this fluctuation did not take place simultaneously at widely distant stations, but progressed in accordance with the passage of the shadow cone, the presumption will be strong that an eclipse effect has again been detected. A fuller announcement must be reserved for a later occasion.
L. A. BAUER. DEPT. TERRESTRIAL MAGNETISM, CARNEGIE INSTITUTION, WASHINGTON, D. C.,
September 11, 1905.
A NATIONAL CONFERENCE OF TRUSTEES OF AMERICAN COLLEGES AND
UNIVERSITIES. A NATIONAL Conference of Trustees of American Colleges and Universities will be held at the University of Illinois, Urbana, Illinois, beginning Tuesday, October 17, 1905. All trustees of such institutions and all persons who have served as trustees are cordially invited to attend.
The sessions will be held during the week in which Dr. Edmund J. James will be formally inaugurated as president of the University of Illinois. The members of the conference will be invited to attend the exercises connected with the inauguration. This will give the members of the conference an opportunity to meet representative men, presidents and professors, from many different institutions, who will be in attendance as delegates, and also to inspect the work of one of the larger of the state universities.
It is well known that the method of governing higher institutions of learning by boards of trustees, that is, bodies of non-expertslaymen, so to speak, in the field of education, -is peculiarly American.
In England the old universities are selfgoverning bodies, controlled largely by the faculties; in France and Germany they are departments of the government, and so far as they are not directly under the control of the government, they are autonomous, that is, ruled by the faculties. In the United States alone we felt it necessary to create a third organ, an independent, often self-renewing
body of non-experts, in whose hands the entire legal control has usually been placed.
Many authorities regard this as a most satisfactory method; others find in it some of the most serious weaknesses of our American system of higher education; all believe that the problems connected with such a plan of control are far from being worked out satisfactorily.
This conference has been called for the purpose of discussing some of the most important questions of college and university administration, involving the relations of trustees, presidents and faculties. Among the questions which will be discussed are the following:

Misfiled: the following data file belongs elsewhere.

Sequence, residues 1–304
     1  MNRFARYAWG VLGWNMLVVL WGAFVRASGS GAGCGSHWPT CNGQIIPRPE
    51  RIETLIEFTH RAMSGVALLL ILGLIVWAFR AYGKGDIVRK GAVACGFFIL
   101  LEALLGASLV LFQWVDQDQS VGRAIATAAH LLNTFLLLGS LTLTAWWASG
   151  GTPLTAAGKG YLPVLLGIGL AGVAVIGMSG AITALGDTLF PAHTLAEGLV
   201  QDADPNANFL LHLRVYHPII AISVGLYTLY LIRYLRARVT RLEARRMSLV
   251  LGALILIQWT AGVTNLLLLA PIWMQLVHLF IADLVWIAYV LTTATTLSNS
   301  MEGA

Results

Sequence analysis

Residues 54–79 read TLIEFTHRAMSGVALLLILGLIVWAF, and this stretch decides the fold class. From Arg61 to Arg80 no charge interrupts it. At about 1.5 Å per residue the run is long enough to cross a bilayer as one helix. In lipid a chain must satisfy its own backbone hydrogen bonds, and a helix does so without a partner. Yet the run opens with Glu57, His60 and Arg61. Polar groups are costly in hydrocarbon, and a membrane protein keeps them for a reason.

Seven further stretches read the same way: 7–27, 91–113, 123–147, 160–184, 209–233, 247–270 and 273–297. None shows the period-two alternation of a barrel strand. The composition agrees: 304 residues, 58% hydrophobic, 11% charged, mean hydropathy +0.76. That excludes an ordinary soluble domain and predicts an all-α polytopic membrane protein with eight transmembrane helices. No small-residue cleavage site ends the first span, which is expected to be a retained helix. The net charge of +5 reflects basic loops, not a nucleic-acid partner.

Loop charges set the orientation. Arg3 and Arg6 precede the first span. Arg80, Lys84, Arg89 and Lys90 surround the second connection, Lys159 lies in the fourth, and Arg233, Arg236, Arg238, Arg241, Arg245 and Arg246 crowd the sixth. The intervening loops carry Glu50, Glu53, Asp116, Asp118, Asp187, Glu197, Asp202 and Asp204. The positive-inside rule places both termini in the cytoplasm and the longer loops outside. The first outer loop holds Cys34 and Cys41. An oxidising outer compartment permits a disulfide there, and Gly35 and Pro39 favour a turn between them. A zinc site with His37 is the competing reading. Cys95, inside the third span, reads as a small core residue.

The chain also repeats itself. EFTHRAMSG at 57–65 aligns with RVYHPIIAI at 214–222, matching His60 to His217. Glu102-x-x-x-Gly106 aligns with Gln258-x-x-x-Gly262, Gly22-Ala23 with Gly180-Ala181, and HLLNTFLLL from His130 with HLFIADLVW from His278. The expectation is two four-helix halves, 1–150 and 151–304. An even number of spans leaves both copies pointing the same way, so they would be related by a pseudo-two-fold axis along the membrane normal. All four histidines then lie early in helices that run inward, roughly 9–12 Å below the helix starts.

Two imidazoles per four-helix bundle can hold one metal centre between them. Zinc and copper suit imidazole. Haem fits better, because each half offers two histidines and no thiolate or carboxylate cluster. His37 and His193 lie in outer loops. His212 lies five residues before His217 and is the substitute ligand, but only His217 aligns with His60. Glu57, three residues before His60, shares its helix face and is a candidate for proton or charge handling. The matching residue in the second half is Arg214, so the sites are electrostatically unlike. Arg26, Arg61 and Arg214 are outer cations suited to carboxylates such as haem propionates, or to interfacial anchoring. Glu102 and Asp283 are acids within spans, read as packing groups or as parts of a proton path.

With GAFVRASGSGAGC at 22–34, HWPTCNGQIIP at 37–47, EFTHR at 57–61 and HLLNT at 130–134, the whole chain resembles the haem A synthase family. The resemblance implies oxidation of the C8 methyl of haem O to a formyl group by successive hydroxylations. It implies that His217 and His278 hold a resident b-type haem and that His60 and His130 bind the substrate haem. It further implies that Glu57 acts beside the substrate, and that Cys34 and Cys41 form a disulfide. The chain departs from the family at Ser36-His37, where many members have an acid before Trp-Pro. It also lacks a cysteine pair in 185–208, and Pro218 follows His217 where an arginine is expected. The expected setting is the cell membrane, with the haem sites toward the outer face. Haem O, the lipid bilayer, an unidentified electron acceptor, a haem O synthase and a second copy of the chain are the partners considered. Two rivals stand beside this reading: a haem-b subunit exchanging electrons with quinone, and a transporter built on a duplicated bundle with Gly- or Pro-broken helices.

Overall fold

1. What should be the real administrative body of a college or university, the faculty or the trustees?
Should the trustees limit their functions to selecting a faculty and then vest in the latter the actual administration, or should the board itself undertake to administer the institution, either as a body or through its committees?
2. Should the president of the institution be the sole advisory authority to the board of trustees, or should the other administrative officers, or the various faculties, be consulted ?
3. Should the faculty be authorized to nominate men to the board for vacancies, or should that be done by the president or by the committees, or by the members of the board?
4. How should trustees be selected? (A) By cooperation? (B) By the alumni? (C) By outside authority? (1) In case of private institutions, by the church or other body? (2) In case of state institutions : (a) Appointed by the governor? (6) Elected by the people? (c) Or ex officio, e. g., governor, superintendent of public instruction, etc. ?
5. Should the trustees assume entire control of the financial administration, or should they allow the faculties to have a representation also, by allowing them to submit a budget either by departments or as a whole?
6. Should the trustees, if they reserve the financial authority, undertake to determine the budget in all its details, or should they simply distribute by departments and leave it to the individual departments to make detailed distribution?